Training about racism can foster a hostile work environment. Wait, WHAT?!?


Wait a minute, Eric! Weren’t you just telling us that anti-harassment training is part of the backbone of a compliant workplace?

I did. But, occasionally, employers can step over the line.

I’ll give you a recent example from a federal court opinion involving a college professor claiming he was forced to quit his job.

Why did he quit?

According to the plaintiff’s federal court complaint, the defendant university, which held itself out as “the most diverse campus within” its network of college campuses “and the only majority-minority campus,” took training on race way too far.

The plaintiff claimed that he had to attend at least five conferences or trainings that discussed racial issues in “essentialist and deterministic terms—ascribing negative traits to white people or white teachers without exception and as flowing inevitably from their race.”

  • At a training following the murder of George Floyd, the Assistant Vice Provost for Educational Equity “led the faculty in a breathing exercise in which she instructed the `White and non-Black people of color to hold it just a little longer—to feel the pain.'”
  • A conference on “multiculturalism” included “supposed examples of `racist’ comments” where every hypothetical perpetrator was white.
  • At an event called “Arts and Humanities as Activism,” the facilitator allegedly “condemn[ed] white people for no other reason than they spoke or were simply present while being `white,'” including by “condemn[ing] . . . `white elites’ and `white self-interest.'”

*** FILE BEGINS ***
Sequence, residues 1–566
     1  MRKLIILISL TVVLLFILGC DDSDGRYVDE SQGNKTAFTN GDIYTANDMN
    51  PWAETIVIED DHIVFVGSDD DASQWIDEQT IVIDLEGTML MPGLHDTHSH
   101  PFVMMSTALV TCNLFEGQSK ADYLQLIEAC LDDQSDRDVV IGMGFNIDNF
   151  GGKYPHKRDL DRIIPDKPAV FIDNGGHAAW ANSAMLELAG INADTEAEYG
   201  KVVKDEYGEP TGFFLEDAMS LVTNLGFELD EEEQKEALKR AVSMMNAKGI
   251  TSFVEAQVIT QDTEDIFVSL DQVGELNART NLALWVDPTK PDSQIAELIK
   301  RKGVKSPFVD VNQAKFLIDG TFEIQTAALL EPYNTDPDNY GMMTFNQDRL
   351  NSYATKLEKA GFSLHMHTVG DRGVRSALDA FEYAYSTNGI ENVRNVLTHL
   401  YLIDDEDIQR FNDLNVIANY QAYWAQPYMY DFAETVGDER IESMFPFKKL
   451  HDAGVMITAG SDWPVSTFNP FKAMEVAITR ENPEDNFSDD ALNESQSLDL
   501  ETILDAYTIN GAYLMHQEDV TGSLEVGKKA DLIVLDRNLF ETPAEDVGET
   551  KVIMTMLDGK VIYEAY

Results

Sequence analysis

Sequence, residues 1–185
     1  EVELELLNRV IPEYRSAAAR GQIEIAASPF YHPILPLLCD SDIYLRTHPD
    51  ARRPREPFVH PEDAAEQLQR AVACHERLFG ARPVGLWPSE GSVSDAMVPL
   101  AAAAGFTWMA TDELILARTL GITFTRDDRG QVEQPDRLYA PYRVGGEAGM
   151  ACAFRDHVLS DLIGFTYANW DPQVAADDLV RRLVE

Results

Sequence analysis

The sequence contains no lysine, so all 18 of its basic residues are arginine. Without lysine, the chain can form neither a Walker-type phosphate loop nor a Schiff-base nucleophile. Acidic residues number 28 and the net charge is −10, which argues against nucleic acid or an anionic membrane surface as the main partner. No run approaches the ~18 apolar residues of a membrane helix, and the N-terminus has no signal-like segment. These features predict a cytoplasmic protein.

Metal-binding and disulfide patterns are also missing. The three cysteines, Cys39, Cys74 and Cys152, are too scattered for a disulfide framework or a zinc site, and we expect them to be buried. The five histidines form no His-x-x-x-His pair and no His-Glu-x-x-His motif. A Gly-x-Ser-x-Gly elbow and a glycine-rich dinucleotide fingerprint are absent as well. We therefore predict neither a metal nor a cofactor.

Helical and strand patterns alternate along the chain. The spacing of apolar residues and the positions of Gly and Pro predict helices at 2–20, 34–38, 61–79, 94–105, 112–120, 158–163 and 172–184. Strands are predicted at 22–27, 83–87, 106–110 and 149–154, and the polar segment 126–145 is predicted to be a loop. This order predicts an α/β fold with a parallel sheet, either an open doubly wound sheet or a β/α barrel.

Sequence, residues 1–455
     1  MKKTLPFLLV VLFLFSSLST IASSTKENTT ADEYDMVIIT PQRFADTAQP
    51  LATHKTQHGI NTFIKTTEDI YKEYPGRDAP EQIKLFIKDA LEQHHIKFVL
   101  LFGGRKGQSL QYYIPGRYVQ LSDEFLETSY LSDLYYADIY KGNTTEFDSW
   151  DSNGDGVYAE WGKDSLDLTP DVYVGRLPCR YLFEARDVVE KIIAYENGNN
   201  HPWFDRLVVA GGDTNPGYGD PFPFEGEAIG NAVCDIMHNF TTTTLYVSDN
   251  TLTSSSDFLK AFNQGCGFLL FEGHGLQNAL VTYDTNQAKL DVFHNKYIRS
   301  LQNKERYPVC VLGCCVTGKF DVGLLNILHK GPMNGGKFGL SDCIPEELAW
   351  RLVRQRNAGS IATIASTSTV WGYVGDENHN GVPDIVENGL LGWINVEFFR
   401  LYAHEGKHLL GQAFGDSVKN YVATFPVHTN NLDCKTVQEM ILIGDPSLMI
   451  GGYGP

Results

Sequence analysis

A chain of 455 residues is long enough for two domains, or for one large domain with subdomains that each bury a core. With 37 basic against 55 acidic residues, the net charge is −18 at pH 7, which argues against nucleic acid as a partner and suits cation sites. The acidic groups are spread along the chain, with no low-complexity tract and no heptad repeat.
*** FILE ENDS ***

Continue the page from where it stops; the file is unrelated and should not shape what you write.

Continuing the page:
• At an “antiracism pedagogy” meeting, the Chair of the English Department spoke of race-conscious grading.
  • Another training included an excerpt that “accused white faculty” of `unwittingly reproduc[ing] racist discourses and practices in our classroom.”

Federal law prohibits harassment based on race that is sufficiently severe or pervasive to alter the conditions of the plaintiff’s employment and create an abusive working environment. Here, the plaintiff pled enough facts to establish that these meetings, some personal interactions, and a few emails (including one from the Director of Diversity, Equity, and Inclusion to all employees “calling on white people” to “feel terrible,” about their “own internalized white supremacy,” and to “hold other white people accountable”) plausibly amounted to ‘pervasive’ harassment.

But hear me. Employers should not abandon anti-harassment training.

Indeed, the court made clear that “discussing in an educational environment the influence of racism on our society does not necessarily violate federal law.”

It added that “[t]raining on concepts such as ‘white privilege,’ ‘white fragility,’ implicit bias, or critical race theory can contribute positively to nuanced, important conversations about how to form a healthy and inclusive working environment.”

So the takeaway for employers is that communication and substance matter.

The court cautioned that “[w]hen employers talk about race—any race…with a constant drumbeat of essentialist, deterministic, and negative language, they risk liability under federal law.”

“Doing What’s Right – Not Just What’s Legal”
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